I think that they also overvalue video as a component of the solution. People just don’t think that it’s worth the trouble. Skype has offered video for a long time. Many people I know, myself included, bought the hardware and tried it out…then just don’t bother most of the time. The Video Phone was introduced in the 1960s and has never really caught on in a big way.
Ultimately these people are underestimating the value of the voice portion of their solution. I would argue that phone calls are essentially universal…everybody makes them. IM and Video chat see dramatically less uptake amongst real users. Not that there aren’t numbers there, but in that little mix of channels voice is still the king by a wide margin.
Furthermore, Jeff Pulver has been talking about “IP Communications” for a long, long time. COIP seems just to be some marketing pitch for their IM-centric view of the world.
It also bears mentioning that all this convergence is happening in the realm of IP. But then, the whole world is migrating to IP networking so that’s not exactly news either.
I’m left asking what was their point? I don’t get it? Why all the excitement? Or better yet, who needs this explanation?
I expected better from ZDNET. Their IP Telephony blog by Russell Shaw is usually excellent.
Kerry Garrison of Fonality appeared on The Voip Users Conference Friday December 21 to address the recent fervor over the matter of Trixbox implementing a script to automatically send system details back to Fonality. Kerry did a good job in front of a tough crowd. As a company they have admitted their error and appear to be redirecting themselves to a more appropriate approach. “Mea culpa’s” are hard, but they appear to be doing the right thing in this case. You can listen to the MP3 recording of the call to get the details.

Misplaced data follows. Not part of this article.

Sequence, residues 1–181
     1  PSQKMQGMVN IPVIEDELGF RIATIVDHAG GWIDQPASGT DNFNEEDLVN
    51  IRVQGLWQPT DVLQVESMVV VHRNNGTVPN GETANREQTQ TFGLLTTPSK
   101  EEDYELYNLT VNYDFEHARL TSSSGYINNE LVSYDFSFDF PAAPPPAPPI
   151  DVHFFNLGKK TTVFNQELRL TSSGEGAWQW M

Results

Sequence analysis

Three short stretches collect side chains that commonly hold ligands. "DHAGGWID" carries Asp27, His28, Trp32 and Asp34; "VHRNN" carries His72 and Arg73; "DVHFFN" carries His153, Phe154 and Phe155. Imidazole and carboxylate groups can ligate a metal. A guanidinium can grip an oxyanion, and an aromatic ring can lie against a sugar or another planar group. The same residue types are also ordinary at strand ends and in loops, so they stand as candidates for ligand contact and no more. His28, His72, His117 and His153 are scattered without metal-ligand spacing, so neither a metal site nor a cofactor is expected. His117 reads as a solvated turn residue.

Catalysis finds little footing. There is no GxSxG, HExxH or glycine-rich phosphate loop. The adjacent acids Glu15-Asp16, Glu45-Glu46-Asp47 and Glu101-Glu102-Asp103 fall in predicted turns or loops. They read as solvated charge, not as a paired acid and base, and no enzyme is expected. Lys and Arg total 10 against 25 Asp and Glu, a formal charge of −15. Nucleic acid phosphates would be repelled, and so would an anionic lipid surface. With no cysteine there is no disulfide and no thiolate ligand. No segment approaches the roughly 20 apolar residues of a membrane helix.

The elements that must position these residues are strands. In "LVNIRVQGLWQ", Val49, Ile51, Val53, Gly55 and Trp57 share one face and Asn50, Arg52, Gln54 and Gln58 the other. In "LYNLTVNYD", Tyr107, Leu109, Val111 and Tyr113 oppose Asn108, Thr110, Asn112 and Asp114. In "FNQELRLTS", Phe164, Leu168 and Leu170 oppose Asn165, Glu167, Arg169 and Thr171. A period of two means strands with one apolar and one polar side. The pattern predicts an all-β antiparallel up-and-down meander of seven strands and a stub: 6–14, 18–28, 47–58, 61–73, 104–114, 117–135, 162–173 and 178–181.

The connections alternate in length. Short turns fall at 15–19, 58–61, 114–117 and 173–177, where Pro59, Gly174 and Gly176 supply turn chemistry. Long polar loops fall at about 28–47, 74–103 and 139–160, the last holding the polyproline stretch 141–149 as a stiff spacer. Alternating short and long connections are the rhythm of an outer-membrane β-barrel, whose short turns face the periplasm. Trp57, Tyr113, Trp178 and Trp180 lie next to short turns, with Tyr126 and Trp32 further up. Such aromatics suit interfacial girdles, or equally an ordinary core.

Presuming that the opt-in version of the program is launched there is no doubt that the information that they could gather from their user base could be very interesting. They will be able to tell what sort of phones are being deployed, what version of each app is being used, what sort of connectivity is deployed, etc. Very interesting stuff.
In particular Kerry was able to say that in 2007 around 40% of their users are leveraging VOIP providers for core services. And further, this is double the uptake from the previous year. That is, people are using IP-based DIDs and termination services instead of, or addition to, traditional TDM (T-1, E-1) or analog lines (FXOs.) So it appears that confidence in VOIP service providers is increasing.
This certainly echos my own experience. I have not had a traditional land line in over two years. I’ve used a number of ITSPs, some good and some not-so-good. But I also find that they are steadily improving. To a degree this flies in the face of the spectacular and much publicized collapse of Sun Rocket earlier this year, as well as a number of others.
The past few months there’s been an increasing amount of FUD circulating about VOIP service providers. Vonage, Sun Rocket et al have impacted public perception of the space. This information reveals that there is good news as well, it’s just not as well known.